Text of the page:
Object Making Basics

There are 4 types of entity within Creatures 2: A SimpleObject, a CompoundObject, a Creature and a Scenery item. This tutorial will not deal with the Creature type of entity as that involves more than just creation and scripting.

The simplest type of object is the Scenery object. This is purely an image which will overlay the background and is usually used to give the impression of depth within the game area - for example, a stone pillar that objects will pass behind. These objects have no physical presence within the world apart from an imageplane which will state at what screen depth it should be displayed. Scenery objects have no unique classifier, they all belong to family 1.

A SimpleObject is by far the most common type of entity within the world and it is this type that most COB builders will create. A SimpleObject is made up of one part and has the possibility to be activated, carried, respond to gravity and/or boundaries.

A CompoundObject can be made up of many parts and has the possibility to be activated and respond to gravity and/or boundaries. CompoundObjects can not be carried though. CompoundObjects are also able to have a cabin which is an area for carrying creatures or other objects placed within it. CompoundObjects can also have different activation spots defined, which means that you can have 2 or more seperate regions on it - each one producing a different effect when clicked on.

The most important part of creating an object is assigning it a classifier. This classifier will uniquely identify the type of object and allows it to own event scripts that will dictate it's behaviour and response to the world around it and/or other entities. The classifier for an object gives it a family, genus and species.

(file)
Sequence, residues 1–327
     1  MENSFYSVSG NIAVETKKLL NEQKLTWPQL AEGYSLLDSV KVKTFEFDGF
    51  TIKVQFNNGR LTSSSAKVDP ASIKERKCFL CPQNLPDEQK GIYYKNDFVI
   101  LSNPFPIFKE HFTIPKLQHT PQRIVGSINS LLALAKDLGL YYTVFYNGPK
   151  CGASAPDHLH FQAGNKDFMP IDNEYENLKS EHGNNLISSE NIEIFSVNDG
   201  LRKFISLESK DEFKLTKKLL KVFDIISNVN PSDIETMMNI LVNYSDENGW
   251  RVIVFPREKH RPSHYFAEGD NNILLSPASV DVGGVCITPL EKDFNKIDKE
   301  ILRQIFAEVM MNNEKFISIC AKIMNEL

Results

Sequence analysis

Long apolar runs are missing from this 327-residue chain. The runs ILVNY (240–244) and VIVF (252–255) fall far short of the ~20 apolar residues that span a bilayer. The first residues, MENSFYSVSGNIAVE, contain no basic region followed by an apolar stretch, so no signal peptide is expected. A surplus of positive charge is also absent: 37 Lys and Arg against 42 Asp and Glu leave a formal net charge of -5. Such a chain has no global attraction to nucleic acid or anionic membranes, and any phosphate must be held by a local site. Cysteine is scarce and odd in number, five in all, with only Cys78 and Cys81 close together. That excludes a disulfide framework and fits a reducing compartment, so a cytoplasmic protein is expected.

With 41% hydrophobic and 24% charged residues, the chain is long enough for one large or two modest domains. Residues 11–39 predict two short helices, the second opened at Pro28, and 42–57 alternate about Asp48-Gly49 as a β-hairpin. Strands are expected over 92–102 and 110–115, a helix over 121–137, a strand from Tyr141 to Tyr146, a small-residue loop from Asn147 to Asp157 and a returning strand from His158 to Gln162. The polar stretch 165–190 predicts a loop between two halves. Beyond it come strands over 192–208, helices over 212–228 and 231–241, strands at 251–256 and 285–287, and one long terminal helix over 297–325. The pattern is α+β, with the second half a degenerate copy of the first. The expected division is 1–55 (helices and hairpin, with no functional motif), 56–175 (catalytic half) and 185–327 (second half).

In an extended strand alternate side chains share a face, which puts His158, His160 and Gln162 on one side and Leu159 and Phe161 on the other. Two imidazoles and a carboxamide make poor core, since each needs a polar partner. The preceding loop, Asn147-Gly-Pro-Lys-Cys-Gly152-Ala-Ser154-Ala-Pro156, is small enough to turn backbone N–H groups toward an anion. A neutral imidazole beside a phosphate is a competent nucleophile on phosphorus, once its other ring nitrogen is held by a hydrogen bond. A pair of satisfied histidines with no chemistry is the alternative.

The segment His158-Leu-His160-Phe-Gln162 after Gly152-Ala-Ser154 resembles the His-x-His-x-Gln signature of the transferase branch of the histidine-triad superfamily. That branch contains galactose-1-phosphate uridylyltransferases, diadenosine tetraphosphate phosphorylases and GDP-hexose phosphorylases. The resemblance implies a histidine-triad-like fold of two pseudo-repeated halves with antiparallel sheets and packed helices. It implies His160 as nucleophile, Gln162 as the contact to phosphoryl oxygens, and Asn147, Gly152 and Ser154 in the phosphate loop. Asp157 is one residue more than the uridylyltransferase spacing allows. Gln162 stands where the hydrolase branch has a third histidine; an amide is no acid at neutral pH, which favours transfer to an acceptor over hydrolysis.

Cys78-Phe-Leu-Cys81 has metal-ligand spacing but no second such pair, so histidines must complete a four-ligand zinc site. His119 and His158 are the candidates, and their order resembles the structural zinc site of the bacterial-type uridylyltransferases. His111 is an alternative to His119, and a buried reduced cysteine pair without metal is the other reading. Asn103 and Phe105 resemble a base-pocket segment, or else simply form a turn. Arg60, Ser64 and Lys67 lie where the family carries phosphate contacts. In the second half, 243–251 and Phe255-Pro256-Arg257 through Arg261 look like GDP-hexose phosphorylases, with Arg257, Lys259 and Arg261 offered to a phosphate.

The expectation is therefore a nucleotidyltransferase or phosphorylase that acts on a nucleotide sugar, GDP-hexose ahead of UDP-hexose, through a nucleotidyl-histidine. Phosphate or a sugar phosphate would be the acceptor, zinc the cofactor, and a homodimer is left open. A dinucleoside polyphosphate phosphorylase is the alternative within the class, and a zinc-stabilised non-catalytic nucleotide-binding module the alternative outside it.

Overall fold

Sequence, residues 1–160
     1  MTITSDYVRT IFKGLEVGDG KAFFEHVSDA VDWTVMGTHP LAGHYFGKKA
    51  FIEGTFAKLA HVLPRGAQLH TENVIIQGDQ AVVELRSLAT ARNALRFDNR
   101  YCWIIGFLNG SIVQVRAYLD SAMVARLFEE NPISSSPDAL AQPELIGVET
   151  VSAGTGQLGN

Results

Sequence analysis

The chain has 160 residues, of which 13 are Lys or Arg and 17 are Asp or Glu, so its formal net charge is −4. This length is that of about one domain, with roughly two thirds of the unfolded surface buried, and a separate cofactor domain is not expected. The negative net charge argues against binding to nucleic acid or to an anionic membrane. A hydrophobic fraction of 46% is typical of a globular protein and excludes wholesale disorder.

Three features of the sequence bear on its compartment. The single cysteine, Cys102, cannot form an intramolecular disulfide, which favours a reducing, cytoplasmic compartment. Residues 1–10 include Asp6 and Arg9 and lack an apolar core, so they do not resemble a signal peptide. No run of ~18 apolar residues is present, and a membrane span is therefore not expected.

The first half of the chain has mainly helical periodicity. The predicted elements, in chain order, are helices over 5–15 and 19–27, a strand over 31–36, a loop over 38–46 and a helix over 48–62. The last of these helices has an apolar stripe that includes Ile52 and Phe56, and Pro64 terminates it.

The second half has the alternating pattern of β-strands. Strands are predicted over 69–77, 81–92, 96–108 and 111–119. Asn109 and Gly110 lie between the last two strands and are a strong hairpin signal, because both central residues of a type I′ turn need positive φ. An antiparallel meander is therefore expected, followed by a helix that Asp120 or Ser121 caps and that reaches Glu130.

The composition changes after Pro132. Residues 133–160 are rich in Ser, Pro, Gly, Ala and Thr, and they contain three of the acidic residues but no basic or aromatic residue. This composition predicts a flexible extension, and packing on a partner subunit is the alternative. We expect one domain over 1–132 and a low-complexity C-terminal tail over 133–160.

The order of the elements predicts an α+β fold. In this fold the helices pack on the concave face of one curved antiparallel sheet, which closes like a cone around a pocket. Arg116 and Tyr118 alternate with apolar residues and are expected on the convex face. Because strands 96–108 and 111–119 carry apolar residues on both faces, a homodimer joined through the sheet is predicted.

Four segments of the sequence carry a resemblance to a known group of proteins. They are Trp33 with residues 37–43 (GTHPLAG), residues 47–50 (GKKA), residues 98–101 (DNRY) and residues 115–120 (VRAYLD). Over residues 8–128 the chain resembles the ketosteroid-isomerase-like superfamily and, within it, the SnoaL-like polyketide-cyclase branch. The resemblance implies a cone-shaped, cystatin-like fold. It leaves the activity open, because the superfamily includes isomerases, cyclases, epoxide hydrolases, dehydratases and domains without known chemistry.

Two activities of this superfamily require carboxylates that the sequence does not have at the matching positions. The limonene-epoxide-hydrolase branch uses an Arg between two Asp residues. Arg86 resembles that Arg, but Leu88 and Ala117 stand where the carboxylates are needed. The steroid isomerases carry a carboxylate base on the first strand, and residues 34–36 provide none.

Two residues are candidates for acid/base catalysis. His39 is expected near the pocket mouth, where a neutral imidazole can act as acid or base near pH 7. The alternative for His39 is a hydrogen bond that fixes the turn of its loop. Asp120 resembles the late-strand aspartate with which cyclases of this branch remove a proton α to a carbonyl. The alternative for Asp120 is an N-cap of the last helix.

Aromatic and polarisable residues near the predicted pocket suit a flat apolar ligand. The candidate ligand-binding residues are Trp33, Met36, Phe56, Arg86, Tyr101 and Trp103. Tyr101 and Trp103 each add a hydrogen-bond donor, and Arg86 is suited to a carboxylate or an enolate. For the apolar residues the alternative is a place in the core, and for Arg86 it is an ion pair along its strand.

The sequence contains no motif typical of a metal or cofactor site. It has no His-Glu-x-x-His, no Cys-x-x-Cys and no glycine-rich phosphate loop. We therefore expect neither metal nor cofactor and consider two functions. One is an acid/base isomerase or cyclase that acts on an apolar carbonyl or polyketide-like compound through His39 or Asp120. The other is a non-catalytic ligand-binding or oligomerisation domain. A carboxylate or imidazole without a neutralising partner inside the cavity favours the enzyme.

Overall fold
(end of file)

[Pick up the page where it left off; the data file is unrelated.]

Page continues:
Family is the broad category that an object belongs to - for COB making the family groups of interest are family 1 - Scenery objects, family 2 - SimpleObjects and family 3 - CompoundObjects. Chose the family most appropriate to the functionality you want the object to have, for example - an object designed to be picked up and eaten by a creature should belong to family 2.

Genus further defines the object as belonging to a certain subgroup within a species - have a look at the classifier reference for a list of the genus's available and what they represent. For example, our object that we want to be eaten is a bar of chocolate and so we can use genus 6 - called 'processed food' - as opposed to 'animal', 'call button', 'fruit' or any of the other genus's available within the family 2 group.

Species is the last step in classification and is where a type of object can then be uniquely defined. For example, family 2 genus 6 consists of some elements already ... cheese and honey and walking pie. We can then make a new species called 'chocolate' and use an available slot to number it. This results in our new agent having a classifier of family 2 genus 6 species 4 (or just 2 6 4 as it may sometimes be represented).